Deb Molloy plans to cut two feet of hair off on Friday at Walmart to honour the wishes of her late husband

Deb Molloy plans to cut two feet of hair off on Friday at Walmart to honour the wishes of her late husband

Lady to shear locks for Cops For Cancer

Debbie Molloy plans to cut nearly two feet of her hair off and donate proceeds to Cops For Cancer to honour her late husband's wishes.

A promise to her dying husband is prompting a Port Alberni woman to cut 60 centimetres of her hair off and give the financial proceeds she makes for doing it to Cops For Cancer.

Debbie Molloy, 53, is shearing her locks off at Walmart as part of the Cops For Cancer, the riders of which arrive in Port Alberni on Friday afternoon.

The retired health-care worker is living up to a promise she made to her late husband Junior, who died of lung cancer in October 2011.

Molloy trimmed her hair last summer and said the last time it was short was five years ago. “Junior said to me “You’ve got that big mop of hair, so if you want to do this for me then go for it” and I am,” she said.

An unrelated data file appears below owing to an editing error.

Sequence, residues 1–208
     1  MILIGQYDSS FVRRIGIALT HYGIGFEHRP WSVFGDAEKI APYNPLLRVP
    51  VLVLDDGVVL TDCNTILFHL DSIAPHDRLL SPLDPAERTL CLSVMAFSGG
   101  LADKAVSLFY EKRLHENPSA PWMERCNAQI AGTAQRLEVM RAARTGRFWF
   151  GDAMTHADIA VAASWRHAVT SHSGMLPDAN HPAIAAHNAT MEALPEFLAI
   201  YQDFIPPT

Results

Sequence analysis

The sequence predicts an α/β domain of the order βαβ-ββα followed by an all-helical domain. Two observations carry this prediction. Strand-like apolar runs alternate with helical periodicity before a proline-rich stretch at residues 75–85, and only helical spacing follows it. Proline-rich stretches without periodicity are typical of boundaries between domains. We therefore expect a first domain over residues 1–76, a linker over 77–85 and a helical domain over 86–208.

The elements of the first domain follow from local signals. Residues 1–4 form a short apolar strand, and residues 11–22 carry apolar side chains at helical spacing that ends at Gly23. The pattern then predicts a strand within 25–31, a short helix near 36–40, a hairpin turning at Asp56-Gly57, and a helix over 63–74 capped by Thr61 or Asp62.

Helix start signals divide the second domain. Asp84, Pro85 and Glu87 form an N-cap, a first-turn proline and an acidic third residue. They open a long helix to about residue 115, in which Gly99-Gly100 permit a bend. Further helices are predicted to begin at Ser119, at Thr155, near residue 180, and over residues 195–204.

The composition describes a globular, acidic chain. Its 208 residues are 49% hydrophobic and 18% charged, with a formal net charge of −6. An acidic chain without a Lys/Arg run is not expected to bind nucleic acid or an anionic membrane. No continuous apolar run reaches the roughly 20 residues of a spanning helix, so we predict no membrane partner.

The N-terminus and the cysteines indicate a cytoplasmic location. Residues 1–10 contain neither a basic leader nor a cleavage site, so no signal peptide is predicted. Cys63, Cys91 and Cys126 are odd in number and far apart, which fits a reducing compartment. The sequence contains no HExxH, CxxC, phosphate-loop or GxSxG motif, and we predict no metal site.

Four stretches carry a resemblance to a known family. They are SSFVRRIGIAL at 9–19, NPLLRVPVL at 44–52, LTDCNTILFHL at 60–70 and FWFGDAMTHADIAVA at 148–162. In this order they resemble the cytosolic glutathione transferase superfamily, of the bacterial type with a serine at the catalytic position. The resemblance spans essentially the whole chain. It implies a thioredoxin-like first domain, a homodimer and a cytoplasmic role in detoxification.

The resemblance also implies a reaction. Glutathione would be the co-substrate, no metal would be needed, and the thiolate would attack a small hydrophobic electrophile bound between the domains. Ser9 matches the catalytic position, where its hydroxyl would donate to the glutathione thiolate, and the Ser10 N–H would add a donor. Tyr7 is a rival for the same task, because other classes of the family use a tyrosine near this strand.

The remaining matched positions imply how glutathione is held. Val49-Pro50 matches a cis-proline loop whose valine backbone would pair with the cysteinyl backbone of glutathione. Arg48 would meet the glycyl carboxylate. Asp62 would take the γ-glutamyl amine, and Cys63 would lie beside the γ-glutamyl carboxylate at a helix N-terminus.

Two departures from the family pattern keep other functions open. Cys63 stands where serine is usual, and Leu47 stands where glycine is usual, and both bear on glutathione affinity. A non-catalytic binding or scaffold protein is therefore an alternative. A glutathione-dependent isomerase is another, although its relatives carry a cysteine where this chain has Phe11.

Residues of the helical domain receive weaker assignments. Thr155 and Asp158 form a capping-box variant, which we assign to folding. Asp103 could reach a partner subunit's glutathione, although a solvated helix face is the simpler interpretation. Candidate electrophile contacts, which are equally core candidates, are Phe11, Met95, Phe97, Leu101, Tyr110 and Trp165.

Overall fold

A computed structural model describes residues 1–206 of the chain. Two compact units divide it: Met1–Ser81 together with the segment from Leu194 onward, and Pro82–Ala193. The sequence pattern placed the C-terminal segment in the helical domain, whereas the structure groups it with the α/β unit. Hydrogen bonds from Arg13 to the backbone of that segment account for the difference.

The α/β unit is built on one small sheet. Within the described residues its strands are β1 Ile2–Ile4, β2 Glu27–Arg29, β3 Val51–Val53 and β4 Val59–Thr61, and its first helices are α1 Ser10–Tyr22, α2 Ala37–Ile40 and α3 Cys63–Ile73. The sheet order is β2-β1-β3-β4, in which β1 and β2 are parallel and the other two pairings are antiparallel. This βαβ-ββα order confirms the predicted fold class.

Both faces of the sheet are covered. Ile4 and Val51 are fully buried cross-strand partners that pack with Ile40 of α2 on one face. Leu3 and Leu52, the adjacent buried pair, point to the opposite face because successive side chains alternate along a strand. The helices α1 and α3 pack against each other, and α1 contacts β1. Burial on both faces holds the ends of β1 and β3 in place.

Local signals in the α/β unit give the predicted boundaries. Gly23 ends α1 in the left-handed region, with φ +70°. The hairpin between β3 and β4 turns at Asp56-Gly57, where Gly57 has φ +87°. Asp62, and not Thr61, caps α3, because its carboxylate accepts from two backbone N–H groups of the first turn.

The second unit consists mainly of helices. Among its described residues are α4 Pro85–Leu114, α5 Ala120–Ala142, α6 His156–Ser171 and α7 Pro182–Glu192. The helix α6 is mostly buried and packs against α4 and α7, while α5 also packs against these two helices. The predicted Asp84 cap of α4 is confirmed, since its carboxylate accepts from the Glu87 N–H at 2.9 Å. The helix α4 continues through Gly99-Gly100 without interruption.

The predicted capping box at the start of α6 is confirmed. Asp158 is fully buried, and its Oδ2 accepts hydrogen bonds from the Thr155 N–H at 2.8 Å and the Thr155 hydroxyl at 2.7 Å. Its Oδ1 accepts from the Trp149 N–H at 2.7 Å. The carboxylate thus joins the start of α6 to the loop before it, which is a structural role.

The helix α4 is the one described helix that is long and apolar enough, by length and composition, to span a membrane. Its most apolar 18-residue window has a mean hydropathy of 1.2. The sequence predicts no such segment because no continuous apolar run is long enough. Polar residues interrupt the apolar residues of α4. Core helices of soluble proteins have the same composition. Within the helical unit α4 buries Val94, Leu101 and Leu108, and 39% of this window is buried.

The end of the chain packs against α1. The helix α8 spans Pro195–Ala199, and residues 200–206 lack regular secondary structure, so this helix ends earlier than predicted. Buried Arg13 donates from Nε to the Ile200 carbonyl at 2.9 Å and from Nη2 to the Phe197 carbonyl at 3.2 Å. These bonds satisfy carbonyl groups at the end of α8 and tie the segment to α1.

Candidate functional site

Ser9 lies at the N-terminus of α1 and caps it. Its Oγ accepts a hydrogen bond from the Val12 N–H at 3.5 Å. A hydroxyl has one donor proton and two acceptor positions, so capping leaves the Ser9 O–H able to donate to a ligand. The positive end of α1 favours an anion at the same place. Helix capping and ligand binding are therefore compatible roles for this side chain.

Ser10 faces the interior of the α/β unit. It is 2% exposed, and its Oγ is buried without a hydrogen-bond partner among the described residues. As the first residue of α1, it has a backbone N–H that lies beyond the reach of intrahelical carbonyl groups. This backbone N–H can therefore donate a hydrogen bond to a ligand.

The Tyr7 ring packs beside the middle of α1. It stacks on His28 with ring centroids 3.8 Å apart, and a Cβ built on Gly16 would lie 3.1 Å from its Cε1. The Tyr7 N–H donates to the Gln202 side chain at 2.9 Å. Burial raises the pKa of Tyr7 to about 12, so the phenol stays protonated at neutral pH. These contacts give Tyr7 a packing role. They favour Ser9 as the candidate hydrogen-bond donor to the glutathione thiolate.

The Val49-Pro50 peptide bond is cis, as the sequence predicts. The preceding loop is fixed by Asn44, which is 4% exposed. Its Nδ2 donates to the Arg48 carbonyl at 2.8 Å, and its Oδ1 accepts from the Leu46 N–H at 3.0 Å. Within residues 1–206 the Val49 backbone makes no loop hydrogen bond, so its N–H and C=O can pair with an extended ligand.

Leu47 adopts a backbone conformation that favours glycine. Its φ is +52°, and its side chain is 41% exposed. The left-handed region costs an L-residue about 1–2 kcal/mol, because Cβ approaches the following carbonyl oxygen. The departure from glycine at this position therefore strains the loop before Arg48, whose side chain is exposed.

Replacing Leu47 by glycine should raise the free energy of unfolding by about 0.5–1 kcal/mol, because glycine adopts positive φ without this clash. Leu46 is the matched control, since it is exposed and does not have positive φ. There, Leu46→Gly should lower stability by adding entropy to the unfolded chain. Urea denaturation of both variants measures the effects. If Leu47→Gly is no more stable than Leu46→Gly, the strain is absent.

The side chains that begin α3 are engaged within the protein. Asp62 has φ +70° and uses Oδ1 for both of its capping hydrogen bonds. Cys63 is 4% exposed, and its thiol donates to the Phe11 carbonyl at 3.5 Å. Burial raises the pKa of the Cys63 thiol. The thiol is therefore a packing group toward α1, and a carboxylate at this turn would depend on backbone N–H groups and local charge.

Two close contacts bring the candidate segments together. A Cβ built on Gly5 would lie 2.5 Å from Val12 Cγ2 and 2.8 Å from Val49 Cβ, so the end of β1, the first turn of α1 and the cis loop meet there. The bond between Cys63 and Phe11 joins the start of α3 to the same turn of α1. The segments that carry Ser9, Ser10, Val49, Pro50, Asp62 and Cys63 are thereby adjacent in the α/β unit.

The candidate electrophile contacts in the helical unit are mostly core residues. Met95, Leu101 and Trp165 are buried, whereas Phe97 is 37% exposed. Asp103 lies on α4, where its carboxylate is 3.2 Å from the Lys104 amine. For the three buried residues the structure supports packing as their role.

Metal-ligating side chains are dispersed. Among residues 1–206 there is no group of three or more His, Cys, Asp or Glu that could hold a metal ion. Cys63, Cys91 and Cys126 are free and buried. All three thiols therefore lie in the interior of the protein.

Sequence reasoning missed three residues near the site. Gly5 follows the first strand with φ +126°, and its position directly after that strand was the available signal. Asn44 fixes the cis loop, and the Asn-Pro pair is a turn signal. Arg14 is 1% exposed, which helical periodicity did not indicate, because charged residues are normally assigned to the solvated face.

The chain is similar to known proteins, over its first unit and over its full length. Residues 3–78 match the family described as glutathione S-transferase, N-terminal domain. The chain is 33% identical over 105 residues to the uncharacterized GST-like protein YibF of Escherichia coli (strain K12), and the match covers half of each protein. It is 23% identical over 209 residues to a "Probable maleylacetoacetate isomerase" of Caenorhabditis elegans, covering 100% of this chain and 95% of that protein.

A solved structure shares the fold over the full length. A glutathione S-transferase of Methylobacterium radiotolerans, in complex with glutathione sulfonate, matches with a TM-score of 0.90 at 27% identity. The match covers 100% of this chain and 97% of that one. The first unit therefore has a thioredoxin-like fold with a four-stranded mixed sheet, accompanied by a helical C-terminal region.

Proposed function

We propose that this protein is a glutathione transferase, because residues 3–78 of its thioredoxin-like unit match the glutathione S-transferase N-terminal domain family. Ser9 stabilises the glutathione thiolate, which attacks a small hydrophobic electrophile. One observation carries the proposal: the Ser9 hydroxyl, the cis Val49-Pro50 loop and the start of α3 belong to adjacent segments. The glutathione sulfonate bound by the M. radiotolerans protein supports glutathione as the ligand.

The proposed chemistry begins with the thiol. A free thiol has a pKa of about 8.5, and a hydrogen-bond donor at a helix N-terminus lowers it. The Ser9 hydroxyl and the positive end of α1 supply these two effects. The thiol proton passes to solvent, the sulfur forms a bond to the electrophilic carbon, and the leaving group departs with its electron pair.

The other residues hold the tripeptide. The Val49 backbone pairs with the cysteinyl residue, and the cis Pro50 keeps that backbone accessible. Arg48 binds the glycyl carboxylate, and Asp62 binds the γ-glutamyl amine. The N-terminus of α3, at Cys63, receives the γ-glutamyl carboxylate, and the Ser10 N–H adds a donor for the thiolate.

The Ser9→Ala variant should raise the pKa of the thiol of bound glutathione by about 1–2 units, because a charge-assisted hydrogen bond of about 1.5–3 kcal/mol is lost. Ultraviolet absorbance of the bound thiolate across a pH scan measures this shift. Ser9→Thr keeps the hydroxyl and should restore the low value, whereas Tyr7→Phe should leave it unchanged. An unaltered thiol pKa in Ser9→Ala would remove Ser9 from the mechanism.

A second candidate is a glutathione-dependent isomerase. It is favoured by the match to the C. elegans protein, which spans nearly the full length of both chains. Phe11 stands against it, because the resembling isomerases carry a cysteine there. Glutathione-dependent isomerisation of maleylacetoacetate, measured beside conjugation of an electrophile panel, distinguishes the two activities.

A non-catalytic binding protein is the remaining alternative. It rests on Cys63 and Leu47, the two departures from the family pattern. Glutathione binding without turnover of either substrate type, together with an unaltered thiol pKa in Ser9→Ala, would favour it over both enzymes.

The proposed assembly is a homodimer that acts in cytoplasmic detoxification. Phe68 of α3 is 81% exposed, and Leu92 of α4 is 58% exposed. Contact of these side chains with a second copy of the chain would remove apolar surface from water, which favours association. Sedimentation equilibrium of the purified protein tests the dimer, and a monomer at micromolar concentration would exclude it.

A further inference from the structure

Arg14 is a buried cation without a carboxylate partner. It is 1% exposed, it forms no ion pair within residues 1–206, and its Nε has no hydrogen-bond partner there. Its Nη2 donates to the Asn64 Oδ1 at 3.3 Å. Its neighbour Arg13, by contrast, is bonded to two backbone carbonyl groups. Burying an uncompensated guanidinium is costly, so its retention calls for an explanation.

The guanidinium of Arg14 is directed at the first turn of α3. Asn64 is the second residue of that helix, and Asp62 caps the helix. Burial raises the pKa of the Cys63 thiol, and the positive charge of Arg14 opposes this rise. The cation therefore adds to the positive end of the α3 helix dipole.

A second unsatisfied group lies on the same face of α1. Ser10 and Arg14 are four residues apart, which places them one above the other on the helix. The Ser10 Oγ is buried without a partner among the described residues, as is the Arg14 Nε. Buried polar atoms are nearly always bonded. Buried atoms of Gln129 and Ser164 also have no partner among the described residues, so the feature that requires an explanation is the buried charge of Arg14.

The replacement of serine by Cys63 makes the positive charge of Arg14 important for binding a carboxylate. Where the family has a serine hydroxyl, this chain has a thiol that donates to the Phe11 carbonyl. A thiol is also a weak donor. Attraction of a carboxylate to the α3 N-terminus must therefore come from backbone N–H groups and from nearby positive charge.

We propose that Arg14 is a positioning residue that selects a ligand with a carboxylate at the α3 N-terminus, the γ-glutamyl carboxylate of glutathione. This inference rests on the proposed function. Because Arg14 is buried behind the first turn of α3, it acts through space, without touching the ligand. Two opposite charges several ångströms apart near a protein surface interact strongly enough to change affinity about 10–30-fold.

Molloy said she hopes to raise $3,000 and has set up a website for people to get information about her initiative and to make donations. She’s also set up donation jars in the Port Pub, where Junior liked to frequent, and in Pastimes sports bar at the Best Western Barclay Hotel.

Junior was diagnosed with lung cancer two years ago and began to undergo chemotherapy. But the procedure was too virulent and he subsequently stopped it. “He was getting too sick from it and wanted to concentrate on quality of life rather than quantity of it,” Debbie said. “He wanted to live the rest of his life the way he wanted to live it and he did.”

Born in the Maritimes, Junior was a vagabond—never staying in one place too long. He served in the Canadian Armed Forces until he retired in 1993. The couple came to Port Alberni 19 years ago after living in Ontario.

The couple returned to Nova Scotia in May 2011 to see Junior’s family for what he said was the last time. It was the last trip he took, Debbie said.

Junior and Debbie have no children. He was survived by an older brother and sister. “He died before them but that was him,” Debbie said. “People used to say he didn’t do things by the book but he did – by his own book.”

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Edited to reflect name preference.